LOCATIONS: EAST COLUMBUS | GROVE CITY | WESTERVILLE | NEWARK | LANCASTER
You may have many questions as you prepare for a sleep study at a sleep center or lab. Knowing what to expect will help you feel more relaxed before and during the study. In fact, many people find that taking a sleep study is a fascinating experience. Up until now, your sleep has probably been a mystery to you. You may not be sure why you aren't sleeping as well as you would like. The sleep study will help reveal some of the secrets and dispel some of the mystery of your sleep. It will show in very precise details exactly what happens while you are sleeping. This data will help detect the cause of your sleep problem. Then your sleep specialist will have a good idea of how to help you sleep better. Improving your sleep will help you feel better, think more clearly, and have more energy. It will be a great benefit to your overall health and quality of life.
Pack an overnight bag to take with you to the center. Bring comfortable pajamas and a change of clothes for the morning. Include the same items you would take for a stay at a hotel. You may also want to bring your own pillow. Bring your medications if you will need to take them while you are away from home. If you have special needs or concerns, tell the sleep center staff ahead of time. They will do all they can to help you feel relaxed and at ease.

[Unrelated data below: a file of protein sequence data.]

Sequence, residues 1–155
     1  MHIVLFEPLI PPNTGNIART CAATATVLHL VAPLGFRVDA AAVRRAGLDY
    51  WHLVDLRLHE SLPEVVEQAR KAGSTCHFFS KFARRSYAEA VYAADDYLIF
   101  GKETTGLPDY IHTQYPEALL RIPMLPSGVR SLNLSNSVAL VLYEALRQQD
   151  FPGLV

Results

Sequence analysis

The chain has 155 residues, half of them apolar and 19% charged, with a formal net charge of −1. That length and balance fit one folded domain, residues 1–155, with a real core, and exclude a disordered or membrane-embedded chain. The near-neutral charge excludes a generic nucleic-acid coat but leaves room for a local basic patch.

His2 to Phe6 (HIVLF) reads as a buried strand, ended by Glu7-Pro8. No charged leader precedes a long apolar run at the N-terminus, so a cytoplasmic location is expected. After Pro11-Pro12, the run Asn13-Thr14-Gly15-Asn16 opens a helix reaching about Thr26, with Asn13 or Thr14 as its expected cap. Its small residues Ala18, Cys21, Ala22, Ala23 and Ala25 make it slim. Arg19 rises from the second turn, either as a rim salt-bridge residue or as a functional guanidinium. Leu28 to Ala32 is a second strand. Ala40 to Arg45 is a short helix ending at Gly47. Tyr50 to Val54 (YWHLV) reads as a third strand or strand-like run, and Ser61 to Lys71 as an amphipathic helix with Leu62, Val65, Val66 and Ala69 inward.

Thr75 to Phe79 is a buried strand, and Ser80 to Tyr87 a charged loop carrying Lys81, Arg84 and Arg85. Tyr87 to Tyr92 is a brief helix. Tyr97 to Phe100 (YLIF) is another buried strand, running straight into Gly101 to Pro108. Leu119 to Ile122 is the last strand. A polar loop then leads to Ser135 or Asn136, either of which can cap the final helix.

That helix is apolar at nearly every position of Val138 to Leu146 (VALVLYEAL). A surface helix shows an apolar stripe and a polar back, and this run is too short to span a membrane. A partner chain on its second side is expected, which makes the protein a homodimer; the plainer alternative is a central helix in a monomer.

It is vital that your sleep specialist is aware of any medications that you are taking. This includes both prescription and non-prescription drugs. He or she should even know if you are taking common cold medicines or pain relievers. Certain drugs can affect your sleep and the results of the study. You may need to gradually stop taking some medications in the days leading up to a sleep study. Your doctor will let you know if this is something you need to do. Do not stop taking any prescription medication without first talking to your sleep specialist.
You will be told to arrive at the sleep center at a certain time in the evening. This is usually between 5:30 pm and 9:30 pm. One of the staff will greet you and lead you to your bedroom. A technologist will show you the equipment that will be used for the study. his will be a good time for you to ask any questions about how the study works. You should inform him or her of any recent changes in your sleep. Also tell him or her of any specific problems that you did not already discuss with your doctor. There will most likely be a few papers that you need to fill out at this point.
You will be given time to change into nightclothes and to make yourself at home in the bedroom. You should get ready for bed in the same way you do at home. There may be a waiting period where you have some extra time to relax. You can read or watch TV. When the technologist returns, be sure to confirm your wake-up time in the morning. Inform him or her if you have an early-morning commitment that you need to keep.